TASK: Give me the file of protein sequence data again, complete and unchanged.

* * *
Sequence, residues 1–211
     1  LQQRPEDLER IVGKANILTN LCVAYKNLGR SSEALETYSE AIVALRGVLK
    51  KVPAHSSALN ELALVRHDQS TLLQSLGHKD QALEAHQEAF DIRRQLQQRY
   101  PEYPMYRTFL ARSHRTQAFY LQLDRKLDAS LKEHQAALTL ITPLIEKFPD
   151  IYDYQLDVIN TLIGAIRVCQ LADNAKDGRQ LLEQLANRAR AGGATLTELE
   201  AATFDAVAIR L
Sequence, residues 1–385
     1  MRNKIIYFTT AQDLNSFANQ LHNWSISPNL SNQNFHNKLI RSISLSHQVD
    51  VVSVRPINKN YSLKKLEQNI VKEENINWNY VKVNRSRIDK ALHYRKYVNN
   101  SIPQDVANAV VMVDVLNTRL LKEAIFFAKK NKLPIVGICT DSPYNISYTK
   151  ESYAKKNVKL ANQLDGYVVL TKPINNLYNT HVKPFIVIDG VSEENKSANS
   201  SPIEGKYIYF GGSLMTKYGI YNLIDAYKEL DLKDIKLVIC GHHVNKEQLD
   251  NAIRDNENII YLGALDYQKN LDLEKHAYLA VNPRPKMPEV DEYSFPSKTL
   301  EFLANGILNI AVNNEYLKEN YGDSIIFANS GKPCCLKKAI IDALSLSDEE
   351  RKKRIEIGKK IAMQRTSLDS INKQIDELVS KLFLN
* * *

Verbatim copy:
Sequence, residues 1–211
     1  LQQRPEDLER IVGKANILTN LCVAYKNLGR SSEALETYSE AIVALRGVLK
    51  KVPAHSSALN ELALVRHDQS TLLQSLGHKD QALEAHQEAF DIRRQLQQRY
   101  PEYPMYRTFL ARSHRTQAFY LQLDRKLDAS LKEHQAALTL ITPLIEKFPD
   151  IYDYQLDVIN TLIGAIRVCQ LADNAKDGRQ LLEQLANRAR AGGATLTELE
   201  AATFDAVAIR L
Sequence, residues 1–385
     1  MRNKIIYFTT AQDLNSFANQ LHNWSISPNL SNQNFHNKLI RSISLSHQVD
    51  VVSVRPINKN YSLKKLEQNI VKEENINWNY VKVNRSRIDK ALHYRKYVNN
   101  SIPQDVANAV VMVDVLNTRL LKEAIFFAKK NKLPIVGICT DSPYNISYTK
   151  ESYAKKNVKL ANQLDGYVVL TKPINNLYNT HVKPFIVIDG VSEENKSANS
   201  SPIEGKYIYF GGSLMTKYGI YNLIDAYKEL DLKDIKLVIC GHHVNKEQLD
   251  NAIRDNENII YLGALDYQKN LDLEKHAYLA VNPRPKMPEV DEYSFPSKTL
   301  EFLANGILNI AVNNEYLKEN YGDSIIFANS GKPCCLKKAI IDALSLSDEE
   351  RKKRIEIGKK IAMQRTSLDS INKQIDELVS KLFLN